We were watching the landing on CNN and couldn't believe our eyes ... I was just thinking & hoping the crew could bail out ...

dss65
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From: Sandpoint, ID, USA
Registered: Mar 2003

posted 02-01-2004 07:25 PM     Click Here to See the Profile for dss65   Click Here to Email dss65     Edit/Delete Message   Reply w/Quote
The phone woke me up. A co-worker who is aware of my passion for our hobby told me to "Turn on the TV, they think the Shuttle blew up." It didn't take long to realize that there was no hope for survivors. Mixed with the sick feeling of loss and grief were immediate thoughts of "it had to be tile failure" and wondering how this was going to affect the future of space exploration.

My wife and I had plans to go skiing that day, and we did so, albeit with a late start. I didn't enjoy myself much, and I had to keep reminding myself to pay attention to my skiing or the day might see another casualty. I definitely wasn't all there.

It was a sad, sad day. One to add to others observed in this past week that I also remember well. May all those lost in these and other accidents rest in peace, and know that we appreciate their sacrifice and grieve their loss.

------------------
Don

music_space
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From: Canada
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posted 02-01-2004 07:31 PM     Click Here to See the Profile for music_space   Click Here to Email music_space     Edit/Delete Message   Reply w/Quote
I was at home. My dad called me early on, waking me up, and I immediatly went to CS, to find Rodina's post of awful concision: "COLUMBIA WAY OVERDUE"

[This message has been edited by music_space (edited February 01, 2004).]

HouseDadX4
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posted 02-01-2004 09:30 PM           Edit/Delete Message   Reply w/Quote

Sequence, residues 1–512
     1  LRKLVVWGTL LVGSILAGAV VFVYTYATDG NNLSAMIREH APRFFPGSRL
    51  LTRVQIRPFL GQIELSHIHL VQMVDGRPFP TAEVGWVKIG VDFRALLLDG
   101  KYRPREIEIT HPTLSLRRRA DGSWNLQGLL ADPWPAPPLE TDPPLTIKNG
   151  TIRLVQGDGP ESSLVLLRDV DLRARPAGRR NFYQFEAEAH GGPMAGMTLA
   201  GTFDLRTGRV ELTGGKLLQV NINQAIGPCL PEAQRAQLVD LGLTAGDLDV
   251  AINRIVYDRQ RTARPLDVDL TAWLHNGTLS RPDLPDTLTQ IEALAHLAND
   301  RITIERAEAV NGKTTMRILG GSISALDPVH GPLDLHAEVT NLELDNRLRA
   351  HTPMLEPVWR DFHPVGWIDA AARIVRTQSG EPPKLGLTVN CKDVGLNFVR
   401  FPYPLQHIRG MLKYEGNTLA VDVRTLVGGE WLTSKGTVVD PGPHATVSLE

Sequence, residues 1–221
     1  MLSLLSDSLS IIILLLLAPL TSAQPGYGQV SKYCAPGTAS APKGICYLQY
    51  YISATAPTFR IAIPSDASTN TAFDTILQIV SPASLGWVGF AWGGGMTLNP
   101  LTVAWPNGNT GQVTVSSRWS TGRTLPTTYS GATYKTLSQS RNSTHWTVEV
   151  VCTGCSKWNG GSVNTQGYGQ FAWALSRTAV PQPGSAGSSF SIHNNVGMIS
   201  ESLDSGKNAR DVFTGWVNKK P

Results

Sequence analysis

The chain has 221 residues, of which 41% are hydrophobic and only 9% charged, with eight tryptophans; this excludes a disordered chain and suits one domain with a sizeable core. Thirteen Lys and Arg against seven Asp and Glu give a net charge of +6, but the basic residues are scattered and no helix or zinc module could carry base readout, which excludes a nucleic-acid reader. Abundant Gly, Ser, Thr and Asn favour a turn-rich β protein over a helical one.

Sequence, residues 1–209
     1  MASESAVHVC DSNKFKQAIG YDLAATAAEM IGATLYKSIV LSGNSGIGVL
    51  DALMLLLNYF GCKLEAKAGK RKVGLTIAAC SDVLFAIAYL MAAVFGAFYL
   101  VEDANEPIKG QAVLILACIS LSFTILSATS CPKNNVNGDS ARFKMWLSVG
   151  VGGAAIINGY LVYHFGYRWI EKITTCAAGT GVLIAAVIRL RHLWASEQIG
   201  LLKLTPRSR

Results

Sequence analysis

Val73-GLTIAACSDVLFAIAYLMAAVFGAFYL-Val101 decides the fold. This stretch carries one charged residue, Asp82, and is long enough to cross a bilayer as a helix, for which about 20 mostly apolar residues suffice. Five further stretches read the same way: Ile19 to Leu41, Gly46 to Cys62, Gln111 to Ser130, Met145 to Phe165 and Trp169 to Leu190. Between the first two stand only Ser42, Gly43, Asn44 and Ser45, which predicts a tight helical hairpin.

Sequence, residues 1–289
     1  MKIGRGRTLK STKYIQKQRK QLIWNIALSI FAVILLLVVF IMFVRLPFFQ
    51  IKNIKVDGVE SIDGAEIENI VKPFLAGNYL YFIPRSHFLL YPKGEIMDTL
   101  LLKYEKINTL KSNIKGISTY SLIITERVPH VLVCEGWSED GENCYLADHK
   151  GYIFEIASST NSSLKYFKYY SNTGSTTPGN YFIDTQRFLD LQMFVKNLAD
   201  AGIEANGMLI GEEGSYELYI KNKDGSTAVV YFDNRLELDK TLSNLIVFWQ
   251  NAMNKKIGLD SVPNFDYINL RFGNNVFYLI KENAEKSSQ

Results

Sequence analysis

I was also asleep on my couch that morning..had the tv on when my wife called from work and said something had happened to Columbia..I woke up real quick, and flipped the channel over to Fox news..I was heartbroken!!!

Brian
Yukon, OK

Madon_space
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From: uk
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posted 02-02-2004 05:54 AM     Click Here to See the Profile for Madon_space   Click Here to Email Madon_space     Edit/Delete Message   Reply w/Quote
Well i was at home at the time and logged on to the internet and went on Sky News website and it was on the front page (Columbia lost over texas)I turned to the Girlfriend and told her but she didn't believe me, so we turned on the tv and just sat there and i'm not ashamed to admit it but we both cried.
A very very sad day we will never forget.
GOD BLESS THEM

------------------
Best
ROB
http://hometown.aol.com/robc2412/madonspace.html

John McGauley
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From: Fort Wayne, Indiana USA
Registered: May 2001

posted 02-02-2004 08:39 AM     Click Here to See the Profile for John McGauley   Click Here to Email John McGauley     Edit/Delete Message   Reply w/Quote
I was at home that morning and flipped on the TV early, in hopes of catching a few seconds of coverage on CNN. I got frustrated at the lack of coverage and headed to the computer to call up NASA TV. While flipping through my favorites, I came across a web site that had already caught onto the fact that something was wrong. Yet there was still no coverage on TV. I found myself briefly hoping that someone was wrong, and that this wasn't happening again. Then came the "Breaking News" graphic on CNN, and the rest is history.

skippy in space
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posted 02-02-2004 12:18 PM     Click Here to See the Profile for skippy in space   Click Here to Email skippy in space     Edit/Delete Message   Reply w/Quote